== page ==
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Re: Snowflaking Dimensions

Post  Jeff Smith on Wed Feb 09, 2011 7:38 pm

For question 1, if you need to have the Agent that wrote the policy as well as the agent that handled the transaction, then create 1 Agent Dimension but put 2 Keys on the transaction fact table, one for Policy Agent and the other for Transaction (or claim?) Agent. However, this will give you the Agent of the policy at the time of the transaction. If you have a situation where a Policy can be "owned" by different Agents over time and you needed to know the current owning Agent, then you could put the Agent Dimension Key on Policy Dimension and call it "Current Agent".

You could do both, which would be handy if you wanted to aggregate "claim amount" by each owning agent and compare it to the Premium by each owning agent to calcualte a loss ratio. But you could do the same aggregation by current agent if you wanted to restate history based on how the world currently looks (handy when setting baselines for next years goals).

On Question 2, this is where the art comes in. You could create 2 dimensions. if you needed to know the agents and their company relationship, create a factless fact table with the surrogate keys from the 2 dimensions. Or, you could create 1 dimension table and make Company a roll up point, creating a surrogate key based on Company. If you needed to create an aggregate table to the Company, then aggregate it to the Company surrogate key and then create a view of the Dimension Table where you select distinct on the columns that are pertinent to the Company. This view can be a drag if your Agent Dimension is really long and the combined Agent and Company info in a long Agent Dimension could take up a large amount of space. But the up side is that one dimension reduces the number of columns on your fact table.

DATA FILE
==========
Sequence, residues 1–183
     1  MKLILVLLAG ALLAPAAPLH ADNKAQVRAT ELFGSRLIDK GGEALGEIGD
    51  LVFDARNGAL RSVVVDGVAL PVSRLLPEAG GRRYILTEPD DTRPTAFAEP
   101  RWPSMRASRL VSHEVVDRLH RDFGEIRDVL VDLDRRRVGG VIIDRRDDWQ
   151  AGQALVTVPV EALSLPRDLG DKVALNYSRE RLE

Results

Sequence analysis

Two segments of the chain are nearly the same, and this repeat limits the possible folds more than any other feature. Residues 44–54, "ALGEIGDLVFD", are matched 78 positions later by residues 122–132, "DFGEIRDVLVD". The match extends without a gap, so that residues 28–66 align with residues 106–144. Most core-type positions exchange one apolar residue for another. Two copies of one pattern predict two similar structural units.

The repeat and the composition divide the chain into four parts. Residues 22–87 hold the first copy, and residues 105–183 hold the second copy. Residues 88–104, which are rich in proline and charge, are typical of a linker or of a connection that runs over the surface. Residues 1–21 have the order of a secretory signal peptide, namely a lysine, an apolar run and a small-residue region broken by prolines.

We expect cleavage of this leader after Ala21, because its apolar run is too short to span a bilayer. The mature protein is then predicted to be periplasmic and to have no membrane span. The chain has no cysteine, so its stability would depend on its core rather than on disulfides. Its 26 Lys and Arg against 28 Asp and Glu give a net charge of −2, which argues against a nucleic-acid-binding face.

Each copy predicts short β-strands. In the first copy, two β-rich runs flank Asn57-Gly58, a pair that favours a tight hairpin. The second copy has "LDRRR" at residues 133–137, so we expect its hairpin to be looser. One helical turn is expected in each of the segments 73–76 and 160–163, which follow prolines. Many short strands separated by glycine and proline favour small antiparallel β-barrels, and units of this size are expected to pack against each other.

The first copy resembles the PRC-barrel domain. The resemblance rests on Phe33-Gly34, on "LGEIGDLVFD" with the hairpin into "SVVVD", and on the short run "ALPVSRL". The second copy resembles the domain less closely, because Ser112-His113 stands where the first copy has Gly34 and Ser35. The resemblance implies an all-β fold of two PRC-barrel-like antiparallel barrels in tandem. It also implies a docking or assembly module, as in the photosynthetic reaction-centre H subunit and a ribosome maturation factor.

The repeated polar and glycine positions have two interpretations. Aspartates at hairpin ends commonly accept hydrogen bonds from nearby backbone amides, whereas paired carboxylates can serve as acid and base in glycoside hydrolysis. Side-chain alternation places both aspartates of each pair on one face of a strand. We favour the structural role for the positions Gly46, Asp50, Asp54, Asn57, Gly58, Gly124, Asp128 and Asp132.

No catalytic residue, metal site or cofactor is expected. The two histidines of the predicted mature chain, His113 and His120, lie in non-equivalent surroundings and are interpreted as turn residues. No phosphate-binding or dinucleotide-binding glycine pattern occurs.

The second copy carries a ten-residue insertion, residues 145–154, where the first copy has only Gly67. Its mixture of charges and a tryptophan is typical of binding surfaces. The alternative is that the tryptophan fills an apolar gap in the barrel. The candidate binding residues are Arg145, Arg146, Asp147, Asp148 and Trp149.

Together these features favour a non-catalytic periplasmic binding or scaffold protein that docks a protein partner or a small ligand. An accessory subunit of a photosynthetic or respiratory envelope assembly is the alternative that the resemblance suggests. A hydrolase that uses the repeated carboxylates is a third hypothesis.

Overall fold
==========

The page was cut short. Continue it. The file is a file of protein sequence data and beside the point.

It all depends on how it's used and the impact on performance.

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Re: Snowflaking Dimensions

Post  Sideout72 on Thu Feb 10, 2011 11:23 am

All of your responses are greatly appreciated. In the end, all the responses brought up the various ways I thought of to solve the design questions, and I wasn't sure which way to go. As always, the answer to many questions is "it depends".
The various solutions all make perfect sense, and I'm going use a combination of them in the end. To summarize what everyone suggested (and paraphrased somewhat):

1. Put the DimAgent key into the Fact table, one for the "TransactionAgent" and one for the "PolicyAgent".
2. Add the DimAgent key into the DimPolicy table, in effect snowflaking.
3. Use a factless fact table to model relationships between dimensions when you don't want to go through a "factfull" fact table to get there (especially those cases were there are relationships, but no fact transactions yet).
4. Create views on the dimension tables for various rollups to get you "lists" of select criteria data
5. Creation of a "list of values" table to support homegrown reporting solutions and simplify change detection.

In addition, the best advice I've given to anyone is (and it was mentioned by BoxesAndLines) - don't worry about the denormalization of data within a dimension because of disk space - worry about modeling the data correctly and for performance.

The only piece I somewhat disagree with is this: I can't (completely) think about what BI tools are going to be put on top of the DW and what features they will support. I'm going to solve the modeling problem - BI tools come and go over time.